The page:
05 Jan Read Between the Lines January 2014
Read Between the Lines
Each month Bank Insights reviews news from regulators to give perspective on regulatory challenges.
OCC to Target Strategic and Capital Planning Processes
As we’ve said before, the OCC and other regulators are zeroing in on the adequacy of strategic and capital planning processes at community banks. Look no further than the OCC’s semi-annual risk perspective, which lists this issue as the main one for community banks it supervises. Other areas of concern for OCC examiners: IRR, loan underwriting, operational risk and compliance. The good news: OCC enforcement actions were down in 2013 from previous years.
Fed Takes Over Bank Projections
The Federal Reserve sent a letter to the 30 largest U.S. banks notifying them that they will independently project each bank’s balance sheet and risk-weighted assets under the supervisory stress scenario within the CCAR program, signaling its skepticism of the projected loan balances that the top 18 banks assumed in the prior CCAR stress tests.
Note: For most of the regional and community banks that have any levels of excess capital, loan growth is the centerpiece of their strategic plan, not dividends and buybacks. With our bank clients, Invictus treats loan growth as the Fed treats dividends and buybacks in CCAR: by assuming that it is achieved irrespective of the economic conditions. This allows us to quantify the impact on the bank’s capital requirements. This is not a practical exercise, but a hypothetical one.
However, when regulators are reviewing the bank’s strategic plan, they can see that the bank can handle that growth without affecting its capital adequacy, even under severe stress. This is especially important for aggressive growth banks that have loan growth rates of 15 to 20% plus per annum as part of their plan, says Invictus senior partner Adam Mustafa.
FDIC Releases Training Videos on TDRs, ALLL, Municipal Securities
As promised, the FDIC continued rolling out videos to help bank directors and officers understand regulatory issues and complicated changes. The agency released four videos in December, saying they address the most common questions the agency gets from bankers.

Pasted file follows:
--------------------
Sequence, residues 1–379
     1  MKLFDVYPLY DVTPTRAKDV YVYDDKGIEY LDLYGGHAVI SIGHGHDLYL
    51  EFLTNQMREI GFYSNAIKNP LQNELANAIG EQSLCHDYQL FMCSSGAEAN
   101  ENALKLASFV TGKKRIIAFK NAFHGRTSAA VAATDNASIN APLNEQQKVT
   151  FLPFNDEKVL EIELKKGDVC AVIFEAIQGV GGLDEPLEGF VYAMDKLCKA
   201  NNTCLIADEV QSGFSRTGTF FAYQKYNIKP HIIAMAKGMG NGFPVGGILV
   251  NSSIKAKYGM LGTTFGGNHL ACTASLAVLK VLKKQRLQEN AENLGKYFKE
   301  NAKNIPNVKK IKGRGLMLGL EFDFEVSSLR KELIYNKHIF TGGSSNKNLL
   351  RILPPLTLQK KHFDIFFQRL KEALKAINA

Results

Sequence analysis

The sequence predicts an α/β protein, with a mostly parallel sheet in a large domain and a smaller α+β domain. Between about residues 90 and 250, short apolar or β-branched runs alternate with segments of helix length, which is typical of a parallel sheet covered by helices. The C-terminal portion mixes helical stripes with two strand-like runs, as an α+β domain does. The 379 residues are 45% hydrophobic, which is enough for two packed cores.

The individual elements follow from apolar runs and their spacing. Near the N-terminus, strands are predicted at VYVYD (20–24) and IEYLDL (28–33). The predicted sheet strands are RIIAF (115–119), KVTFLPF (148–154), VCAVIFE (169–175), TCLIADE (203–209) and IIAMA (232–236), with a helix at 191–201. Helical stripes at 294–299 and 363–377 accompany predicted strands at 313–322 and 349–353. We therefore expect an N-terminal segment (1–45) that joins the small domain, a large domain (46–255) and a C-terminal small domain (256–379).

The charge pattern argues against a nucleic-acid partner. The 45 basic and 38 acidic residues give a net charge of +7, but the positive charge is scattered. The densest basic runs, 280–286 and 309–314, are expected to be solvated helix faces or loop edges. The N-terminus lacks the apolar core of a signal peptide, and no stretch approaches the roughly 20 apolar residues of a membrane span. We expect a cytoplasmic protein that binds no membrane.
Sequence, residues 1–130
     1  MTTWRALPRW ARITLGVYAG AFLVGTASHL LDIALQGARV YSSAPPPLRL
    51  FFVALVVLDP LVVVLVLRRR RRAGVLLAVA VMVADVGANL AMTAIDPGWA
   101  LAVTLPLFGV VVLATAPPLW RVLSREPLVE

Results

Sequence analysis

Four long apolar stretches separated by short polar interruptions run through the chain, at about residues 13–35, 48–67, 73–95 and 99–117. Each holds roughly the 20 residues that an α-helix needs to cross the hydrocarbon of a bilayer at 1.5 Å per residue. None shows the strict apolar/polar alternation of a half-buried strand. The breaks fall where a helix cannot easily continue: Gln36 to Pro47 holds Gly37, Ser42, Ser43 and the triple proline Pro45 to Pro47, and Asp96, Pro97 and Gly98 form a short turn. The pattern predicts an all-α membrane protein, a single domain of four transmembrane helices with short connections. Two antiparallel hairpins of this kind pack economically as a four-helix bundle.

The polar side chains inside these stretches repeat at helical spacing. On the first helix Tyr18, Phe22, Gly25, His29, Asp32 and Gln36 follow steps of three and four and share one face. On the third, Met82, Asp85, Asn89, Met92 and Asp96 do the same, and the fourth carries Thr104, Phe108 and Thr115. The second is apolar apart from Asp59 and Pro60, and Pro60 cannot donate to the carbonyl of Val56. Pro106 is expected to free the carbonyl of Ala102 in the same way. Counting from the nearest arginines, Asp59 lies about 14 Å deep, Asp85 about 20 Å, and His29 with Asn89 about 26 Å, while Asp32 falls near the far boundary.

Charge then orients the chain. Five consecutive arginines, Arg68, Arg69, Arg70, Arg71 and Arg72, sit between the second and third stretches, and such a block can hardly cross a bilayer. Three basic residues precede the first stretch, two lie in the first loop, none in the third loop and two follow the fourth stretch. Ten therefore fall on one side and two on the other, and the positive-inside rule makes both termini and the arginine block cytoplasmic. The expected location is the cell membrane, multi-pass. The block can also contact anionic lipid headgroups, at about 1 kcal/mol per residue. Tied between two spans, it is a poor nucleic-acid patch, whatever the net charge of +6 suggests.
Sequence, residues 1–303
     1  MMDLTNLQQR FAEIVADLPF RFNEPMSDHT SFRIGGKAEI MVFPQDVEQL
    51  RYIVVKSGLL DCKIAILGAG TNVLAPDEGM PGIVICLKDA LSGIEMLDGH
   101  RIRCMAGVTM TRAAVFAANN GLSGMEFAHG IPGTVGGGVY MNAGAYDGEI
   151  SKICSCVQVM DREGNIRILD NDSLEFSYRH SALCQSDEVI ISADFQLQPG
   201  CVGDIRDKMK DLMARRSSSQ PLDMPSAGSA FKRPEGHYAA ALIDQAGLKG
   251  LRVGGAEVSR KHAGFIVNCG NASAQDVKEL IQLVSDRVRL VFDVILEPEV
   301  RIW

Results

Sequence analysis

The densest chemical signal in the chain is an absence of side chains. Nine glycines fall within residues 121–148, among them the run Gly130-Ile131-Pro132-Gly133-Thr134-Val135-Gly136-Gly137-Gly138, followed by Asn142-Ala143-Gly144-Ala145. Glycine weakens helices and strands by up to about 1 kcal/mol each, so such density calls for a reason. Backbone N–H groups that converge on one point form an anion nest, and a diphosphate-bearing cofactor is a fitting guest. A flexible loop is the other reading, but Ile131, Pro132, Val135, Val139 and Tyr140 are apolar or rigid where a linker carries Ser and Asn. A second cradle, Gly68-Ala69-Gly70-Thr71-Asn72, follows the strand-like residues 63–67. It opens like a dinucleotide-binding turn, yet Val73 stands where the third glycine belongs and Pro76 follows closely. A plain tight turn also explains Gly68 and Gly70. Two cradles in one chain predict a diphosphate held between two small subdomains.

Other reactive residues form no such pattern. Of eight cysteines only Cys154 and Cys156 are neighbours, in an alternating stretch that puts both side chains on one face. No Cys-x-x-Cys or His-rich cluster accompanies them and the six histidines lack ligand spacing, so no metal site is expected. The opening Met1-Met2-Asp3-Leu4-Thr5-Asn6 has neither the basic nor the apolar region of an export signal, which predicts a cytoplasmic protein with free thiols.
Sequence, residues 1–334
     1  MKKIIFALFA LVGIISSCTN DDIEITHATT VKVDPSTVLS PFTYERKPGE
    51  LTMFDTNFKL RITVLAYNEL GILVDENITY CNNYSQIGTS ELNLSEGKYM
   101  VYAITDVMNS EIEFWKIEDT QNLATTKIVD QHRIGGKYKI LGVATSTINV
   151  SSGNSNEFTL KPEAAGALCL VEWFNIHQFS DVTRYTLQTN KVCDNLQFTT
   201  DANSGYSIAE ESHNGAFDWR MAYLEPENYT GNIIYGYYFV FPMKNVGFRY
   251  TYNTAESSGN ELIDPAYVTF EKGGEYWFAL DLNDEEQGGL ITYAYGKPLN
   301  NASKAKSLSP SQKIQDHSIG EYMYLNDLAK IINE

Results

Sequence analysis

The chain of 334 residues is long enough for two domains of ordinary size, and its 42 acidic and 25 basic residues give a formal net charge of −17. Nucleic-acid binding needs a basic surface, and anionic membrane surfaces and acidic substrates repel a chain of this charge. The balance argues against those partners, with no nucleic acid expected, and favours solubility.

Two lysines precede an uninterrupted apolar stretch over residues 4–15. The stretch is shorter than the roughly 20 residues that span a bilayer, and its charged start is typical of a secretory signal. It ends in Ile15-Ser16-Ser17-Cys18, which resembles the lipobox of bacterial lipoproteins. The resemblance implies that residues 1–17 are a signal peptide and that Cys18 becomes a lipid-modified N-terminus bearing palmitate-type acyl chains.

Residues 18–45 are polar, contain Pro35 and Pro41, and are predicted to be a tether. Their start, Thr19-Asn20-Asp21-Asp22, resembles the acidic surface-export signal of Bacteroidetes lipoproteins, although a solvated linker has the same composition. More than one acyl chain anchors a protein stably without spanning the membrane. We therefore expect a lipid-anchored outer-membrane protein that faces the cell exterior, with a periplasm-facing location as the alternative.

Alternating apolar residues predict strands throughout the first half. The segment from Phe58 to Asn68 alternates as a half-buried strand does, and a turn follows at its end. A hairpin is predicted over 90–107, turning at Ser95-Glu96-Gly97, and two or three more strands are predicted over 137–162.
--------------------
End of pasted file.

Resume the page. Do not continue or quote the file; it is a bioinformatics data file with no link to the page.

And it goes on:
One on municipal securities addresses examiner expectations, investment policies, monitoring and purchase analysis. An ALLL video provides an overview of regulatory policy statements and accounting standards. It also illustrates an effective loss migration analysis. The troubled debt restructuring video shows how to identify a TDR, its accounting and regulatory treatment and the multiple note concept. The fourth video is about fair lending.
TruPS and Volcker: Not a Problem
Federal regulators cleared the way for community banks to keep TruPS-backed CDOs as Tier 1 capital. Regulators announced on Jan. 14 an exemption to the part of the Volcker Rule that considered those CDOs as covered funds. The exemption came about after the American Bankers Association went to court.
The Future of Community Banking
The FDIC has updated its community bank study and two words are key: consolidation and earnings. The update notes that while community banks as a whole experienced their best year in 2012 since the crisis, those gains may be short-lived since future earnings growth is dependent on increases in net interest income. There have been virtually no new charters since the crisis began, and the market continues to tighten, with voluntary closures and mergers. Most of the community bank failures since the crisis have been tied to commercial real estate concentrations.
Reviewing Appraisals and Evaluations
The Fed recently provided an overview of how examiners look at a community bank’s appraisal and evaluation program. Examiners want the collateral valuation process to be independent from loan production and collection, though they concede this may not be possible at small banks. Common mistakes that banks are making: using outdated appraisals or none at all, not using an appraiser certified or licensed by the state, and not meeting the appraisal regulation’s minimum standards.